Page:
Apple isnt being aggressive enough in adding features that the iphone lacks. Copycat phones are showing up, they're stealing a lot of ideas from Apple, and they are adding more functionality faster than Apple is. Granted these copycat ui's arent as elaborate or graphical, but they a made by the known players in the cell industry... and they can move very fast.
    • Pray tell me, what's so great about having to download an application that is almost totally unrelated to your phone to have to activate it? A process, moreover, that requires you to have a PC, an internet connections and an OS by either Microsoft or Apple. I'm not an american, but I can hardly imagine what other carriers put you through to activate your phone. Bureaucracy? Huge amounts of money? Torture? Hell? A look into the abyss?

      You must be getting sick of the comparisons to Europe and the rest of the w
      • Re: (Score:2, Interesting)

        "Pray tell me, what's so great about having to download an application that is almost totally unrelated to your phone to have to activate it?"

        The application is related to your phone, it is how you put music and other things on the phone. Now i think Apple does need to improve iTunes a lot, but the application does relate to the phone. The phone is not just a telephone but an mobile media player as well.

        You still do have the option of going to an AT&T store and activating it there as well.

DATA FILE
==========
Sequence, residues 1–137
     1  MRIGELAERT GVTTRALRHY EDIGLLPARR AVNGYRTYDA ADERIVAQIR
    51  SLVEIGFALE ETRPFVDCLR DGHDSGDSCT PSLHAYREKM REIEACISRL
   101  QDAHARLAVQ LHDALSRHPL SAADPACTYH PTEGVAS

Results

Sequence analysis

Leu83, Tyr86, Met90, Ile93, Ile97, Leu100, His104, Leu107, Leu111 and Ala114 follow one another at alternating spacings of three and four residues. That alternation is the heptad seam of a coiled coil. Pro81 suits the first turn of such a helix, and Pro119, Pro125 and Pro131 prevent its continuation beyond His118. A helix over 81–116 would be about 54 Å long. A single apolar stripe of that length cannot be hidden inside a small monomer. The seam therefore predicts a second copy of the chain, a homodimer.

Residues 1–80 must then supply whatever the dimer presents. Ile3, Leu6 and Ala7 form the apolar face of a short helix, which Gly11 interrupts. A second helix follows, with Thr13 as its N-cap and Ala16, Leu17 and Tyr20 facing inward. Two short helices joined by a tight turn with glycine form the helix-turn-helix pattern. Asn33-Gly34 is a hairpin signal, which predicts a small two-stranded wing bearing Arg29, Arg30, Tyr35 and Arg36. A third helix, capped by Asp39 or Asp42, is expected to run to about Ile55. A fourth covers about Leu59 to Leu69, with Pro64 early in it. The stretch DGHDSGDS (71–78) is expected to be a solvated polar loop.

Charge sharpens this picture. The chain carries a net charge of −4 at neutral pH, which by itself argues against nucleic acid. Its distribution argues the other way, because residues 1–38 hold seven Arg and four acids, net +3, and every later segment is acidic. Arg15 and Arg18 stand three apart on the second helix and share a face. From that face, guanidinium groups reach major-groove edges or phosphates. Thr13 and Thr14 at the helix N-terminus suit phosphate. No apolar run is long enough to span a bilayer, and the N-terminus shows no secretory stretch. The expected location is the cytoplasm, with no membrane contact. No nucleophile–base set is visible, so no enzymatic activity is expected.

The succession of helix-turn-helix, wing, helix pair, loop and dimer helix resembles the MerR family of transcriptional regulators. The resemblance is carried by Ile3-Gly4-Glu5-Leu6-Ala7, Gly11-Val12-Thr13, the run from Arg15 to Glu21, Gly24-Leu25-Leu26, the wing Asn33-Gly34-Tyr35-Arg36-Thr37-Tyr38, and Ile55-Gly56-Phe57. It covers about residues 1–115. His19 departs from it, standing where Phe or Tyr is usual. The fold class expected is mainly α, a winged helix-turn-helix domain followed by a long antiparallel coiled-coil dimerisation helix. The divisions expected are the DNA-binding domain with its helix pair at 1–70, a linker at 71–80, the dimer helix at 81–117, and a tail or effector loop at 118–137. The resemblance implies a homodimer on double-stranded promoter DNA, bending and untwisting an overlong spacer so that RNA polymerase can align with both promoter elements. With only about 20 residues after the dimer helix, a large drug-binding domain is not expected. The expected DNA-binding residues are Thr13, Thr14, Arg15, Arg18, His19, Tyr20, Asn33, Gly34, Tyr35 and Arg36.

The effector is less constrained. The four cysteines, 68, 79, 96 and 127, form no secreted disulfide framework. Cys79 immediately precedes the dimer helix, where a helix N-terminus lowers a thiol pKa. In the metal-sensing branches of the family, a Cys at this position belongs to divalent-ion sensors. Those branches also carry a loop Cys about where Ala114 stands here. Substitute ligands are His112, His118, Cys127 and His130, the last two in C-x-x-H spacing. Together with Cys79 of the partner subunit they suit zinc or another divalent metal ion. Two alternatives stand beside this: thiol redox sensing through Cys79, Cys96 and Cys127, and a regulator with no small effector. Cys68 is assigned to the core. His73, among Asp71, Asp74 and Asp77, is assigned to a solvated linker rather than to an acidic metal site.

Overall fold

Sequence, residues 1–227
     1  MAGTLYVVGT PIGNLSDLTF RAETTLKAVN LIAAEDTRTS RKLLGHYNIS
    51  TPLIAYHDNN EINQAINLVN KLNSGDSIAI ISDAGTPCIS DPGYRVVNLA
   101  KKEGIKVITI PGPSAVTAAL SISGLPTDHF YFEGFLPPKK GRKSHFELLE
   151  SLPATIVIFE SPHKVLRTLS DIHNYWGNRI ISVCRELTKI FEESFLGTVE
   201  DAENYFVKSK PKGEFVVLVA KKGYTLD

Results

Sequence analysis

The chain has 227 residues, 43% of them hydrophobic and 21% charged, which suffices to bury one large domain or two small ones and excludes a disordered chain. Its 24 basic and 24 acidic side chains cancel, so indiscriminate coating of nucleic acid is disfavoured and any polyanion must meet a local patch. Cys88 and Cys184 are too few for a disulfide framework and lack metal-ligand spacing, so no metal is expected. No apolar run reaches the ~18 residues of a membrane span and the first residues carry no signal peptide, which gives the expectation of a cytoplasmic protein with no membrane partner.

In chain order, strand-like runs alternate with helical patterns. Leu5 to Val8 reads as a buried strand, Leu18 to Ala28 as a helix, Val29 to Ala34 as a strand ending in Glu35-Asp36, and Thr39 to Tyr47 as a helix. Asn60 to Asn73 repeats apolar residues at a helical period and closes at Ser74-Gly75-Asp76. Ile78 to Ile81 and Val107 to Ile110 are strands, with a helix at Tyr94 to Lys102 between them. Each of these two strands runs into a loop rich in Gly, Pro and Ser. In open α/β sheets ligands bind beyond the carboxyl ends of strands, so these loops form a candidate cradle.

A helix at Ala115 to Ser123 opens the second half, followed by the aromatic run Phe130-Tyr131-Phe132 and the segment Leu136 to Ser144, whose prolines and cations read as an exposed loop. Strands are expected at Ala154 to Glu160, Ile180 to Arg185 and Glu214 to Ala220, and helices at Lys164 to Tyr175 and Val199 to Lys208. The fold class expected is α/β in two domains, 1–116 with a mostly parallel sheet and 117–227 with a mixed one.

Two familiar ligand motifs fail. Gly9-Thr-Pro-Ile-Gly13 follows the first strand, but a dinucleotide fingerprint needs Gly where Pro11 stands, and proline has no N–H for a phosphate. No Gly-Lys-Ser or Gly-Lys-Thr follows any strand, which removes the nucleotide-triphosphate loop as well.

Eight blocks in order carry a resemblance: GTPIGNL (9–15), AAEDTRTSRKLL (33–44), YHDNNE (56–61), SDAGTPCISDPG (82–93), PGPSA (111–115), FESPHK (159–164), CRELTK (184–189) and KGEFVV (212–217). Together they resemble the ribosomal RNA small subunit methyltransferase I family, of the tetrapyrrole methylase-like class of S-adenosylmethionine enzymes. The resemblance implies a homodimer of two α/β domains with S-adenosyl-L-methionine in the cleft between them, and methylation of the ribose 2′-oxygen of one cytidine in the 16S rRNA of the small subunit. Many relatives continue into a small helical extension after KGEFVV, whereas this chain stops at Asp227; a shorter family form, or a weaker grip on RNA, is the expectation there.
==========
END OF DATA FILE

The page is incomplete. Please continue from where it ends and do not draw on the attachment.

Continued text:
It's just nice
        • by YeeHaW_Jelte (451855) on Thursday January 10, 2008 @10:17AM (#21983094) Homepage
          Ok, I'm exagerating, but just because of the grudge I hold with Apple because of my iPod fiasco. Here how I think it would be in a perfect world:

          You go to the store, pick up your iPhone, activate it in the store or outside, using the code in the package. You then call your family, friends whatever to tell them about this great piece of hardware you got.

          Then you proceed home, and copy your music, films, whatever onto the phone USING WHATEVER FILEMANAGER YOUR OS COMES WITH!

          Because, let's face it, this tie-in of iPhones and iPods to iTunes stinks. I want apples hardware not the dumb software and the idiotic restrictions (thanks RIAA) the place on the use of the hardware via their crippled software.

          End of rant.
      • by LKM (227954)
        Like the iPod, the iPhone is useless without a PC. Synchronization, backup, music, podcasts, videos and so on all require a PC.